Brace yourself. It's earnings season. Fortunately, this usually means very little for portfolio turnover -- at least for Foolish investors with their unusually long time horizons. But even if long-term investors don't plan on buying and selling amid the mostly irrational volatility, earnings season is always a good time to check in on the companies investors have in their portfolio. One such company many investors will be checking in on this month is Apple , which the just announced that it's reporting its fiscal 2015 fourth-quarter results on Tuesday, Oct. 27. Here's what investors should keep an eye on when the company reports earnings.
Heading into the announcement, analyst expectations are optimistic. On average, analysts expect Apple to report revenue and EPS of $51 billion and $1.88, respectively. These figures represent 21% and 32% year-over-year growth for EPS and revenue from the year-ago quarter.
Apple's outsized EPS growth reflects the company's continued aggressive share repurchase program. Recently, Apple has averaged about $10 billion of spending on share repurchases every quarter. And during Q4, Apple could have spent around $20 billion on share repurchases , adding even more leverage for EPS growth.
As always, one key metric to watch will be iPhone sales.
For a benchmark, consider Apple's Q3 iPhone sales of 47.5 million units and its year-ago iPhone sales of 39.3 million.
How many iPhones could Apple have reasonably sold during the quarter? One clue on iPhone sales potential is Apple's revenue guidance for Q4 (provided in Apple's third-quarter report) for a 19% year-over-year increase; considering iPhone sales usually represent the majority Apple's reported revenue growth, it's reasonable to believe iPhone unit sales could increase around 15% from the year-ago quarter during Q4. This would put Apple's fourth-quarter iPhone unit sales at about 45 million -- not bad for a quarter with nearly one-year-old iPhone models and only about a week of limited availability of the new iPhone 6s and 6s Plus.
Gross profit margin
One of the interesting metrics to watch in recent quarters has been Apple's gross profit margin. Benefiting from the company's continued pricing power and soaring iPhone sales, Apple has consistently been posting positive year-over-year comparisons on this important profitability metric.
Apple expects this trend of positive gross profit margin comparisons to continue in Q4, guiding for a gross profit margin range of 38.5% to 39.5% -- above its gross profit margin of 38% in the year-ago quarter.
Considering Q1 is seasonally Apple's biggest quarter for iPhone sales every year, benefiting from both the first full quarter of availability of the tech giant's newest models and the holiday season, investors will be looking closely at the company's reported guidance.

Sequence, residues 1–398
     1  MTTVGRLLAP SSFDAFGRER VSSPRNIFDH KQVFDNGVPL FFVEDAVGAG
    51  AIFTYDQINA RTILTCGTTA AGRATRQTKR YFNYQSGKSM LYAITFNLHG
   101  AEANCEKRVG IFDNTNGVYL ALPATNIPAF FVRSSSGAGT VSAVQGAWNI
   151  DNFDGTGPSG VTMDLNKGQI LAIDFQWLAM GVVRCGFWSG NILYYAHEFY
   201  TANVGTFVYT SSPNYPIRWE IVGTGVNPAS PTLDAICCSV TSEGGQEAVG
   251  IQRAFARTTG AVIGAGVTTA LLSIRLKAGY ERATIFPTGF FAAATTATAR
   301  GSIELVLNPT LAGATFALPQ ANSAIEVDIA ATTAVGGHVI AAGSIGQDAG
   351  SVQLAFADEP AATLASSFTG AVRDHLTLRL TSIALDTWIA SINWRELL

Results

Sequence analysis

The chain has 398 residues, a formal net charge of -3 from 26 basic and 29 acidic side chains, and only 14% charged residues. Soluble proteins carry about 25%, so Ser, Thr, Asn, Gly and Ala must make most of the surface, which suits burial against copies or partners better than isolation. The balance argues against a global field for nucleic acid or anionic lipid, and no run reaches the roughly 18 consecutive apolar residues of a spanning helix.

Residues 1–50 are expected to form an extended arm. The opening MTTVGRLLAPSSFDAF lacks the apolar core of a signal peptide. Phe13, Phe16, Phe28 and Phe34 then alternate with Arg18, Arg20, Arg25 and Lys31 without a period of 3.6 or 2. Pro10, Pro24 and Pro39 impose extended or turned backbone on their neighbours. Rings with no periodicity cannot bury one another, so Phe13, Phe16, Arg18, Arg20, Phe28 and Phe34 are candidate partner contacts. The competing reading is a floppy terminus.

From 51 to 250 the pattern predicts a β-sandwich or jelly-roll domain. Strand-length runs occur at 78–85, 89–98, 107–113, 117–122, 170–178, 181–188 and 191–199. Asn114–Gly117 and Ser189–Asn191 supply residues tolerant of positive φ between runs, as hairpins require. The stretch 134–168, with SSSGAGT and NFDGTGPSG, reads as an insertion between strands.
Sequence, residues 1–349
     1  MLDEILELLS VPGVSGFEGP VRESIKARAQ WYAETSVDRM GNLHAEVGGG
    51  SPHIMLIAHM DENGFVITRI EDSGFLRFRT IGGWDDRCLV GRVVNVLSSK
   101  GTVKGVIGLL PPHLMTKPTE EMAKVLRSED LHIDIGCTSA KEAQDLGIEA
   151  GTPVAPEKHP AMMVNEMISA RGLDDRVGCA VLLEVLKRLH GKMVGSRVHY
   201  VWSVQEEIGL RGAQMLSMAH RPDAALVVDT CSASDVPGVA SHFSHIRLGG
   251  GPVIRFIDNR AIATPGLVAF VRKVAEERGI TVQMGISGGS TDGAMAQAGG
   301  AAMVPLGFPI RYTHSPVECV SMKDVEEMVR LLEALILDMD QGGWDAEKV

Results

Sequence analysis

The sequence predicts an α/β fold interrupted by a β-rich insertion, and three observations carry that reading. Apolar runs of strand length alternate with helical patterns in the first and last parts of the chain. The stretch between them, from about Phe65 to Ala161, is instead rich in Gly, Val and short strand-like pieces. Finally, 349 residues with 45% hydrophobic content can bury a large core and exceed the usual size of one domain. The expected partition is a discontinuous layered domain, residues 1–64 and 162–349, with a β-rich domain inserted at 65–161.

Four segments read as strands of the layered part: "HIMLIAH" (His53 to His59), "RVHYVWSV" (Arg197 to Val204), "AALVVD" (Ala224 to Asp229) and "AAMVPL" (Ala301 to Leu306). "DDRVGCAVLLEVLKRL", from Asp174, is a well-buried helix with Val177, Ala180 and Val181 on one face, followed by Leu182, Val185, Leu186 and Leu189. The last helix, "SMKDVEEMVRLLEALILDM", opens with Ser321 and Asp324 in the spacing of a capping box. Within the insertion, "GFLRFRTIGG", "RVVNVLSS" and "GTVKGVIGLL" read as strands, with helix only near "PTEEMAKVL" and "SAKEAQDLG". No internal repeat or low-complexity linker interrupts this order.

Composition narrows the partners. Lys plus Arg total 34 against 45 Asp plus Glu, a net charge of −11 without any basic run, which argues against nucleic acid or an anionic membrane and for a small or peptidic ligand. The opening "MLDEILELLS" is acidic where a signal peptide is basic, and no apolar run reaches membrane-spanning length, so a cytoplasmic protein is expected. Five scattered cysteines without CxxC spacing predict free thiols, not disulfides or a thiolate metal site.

And two items this year specifically serve to heighten the interest in guidance to be provided during Q4 for first quarter revenue.
First, investors will be wondering if the tech giant will be confident enough to guide for a year-over-year increase in revenue considering just how monstrous Apple's first-quarter was last year. In Apple's fiscal 2015 Q1, the tech giant reported year-over-year revenue growth of 30%, helped by a 46% year-over-year increase in iPhone sales. Can Apple top this huge quarter?
Rose gold Apple Watch Sport.
Second, Apple has a new product this holiday quarter: the Apple Watch. With supply in full swing and some recent key updates to the watch, including the introduction of gold and rose gold colors for the Apple Watch Sport line, will the new product help Apple's revenue comparisons? Or will its share of revenue be too small to notice?
Check in on Apple's fourth-quarter earnings after market close on Oct. 27 and tune in to the company's live earnings call at 5 p.m. ET.
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The article Mark Your Calendar: Apple, Inc. Earnings originally appeared on Fool.com.
Daniel Sparks owns shares of Apple. The Motley Fool owns shares of and recommends Apple. Try any of our Foolish newsletter services free for 30 days . We Fools may not all hold the same opinions, but we all believe that considering a diverse range of insights makes us better investors. The Motley Fool has a disclosure policy .
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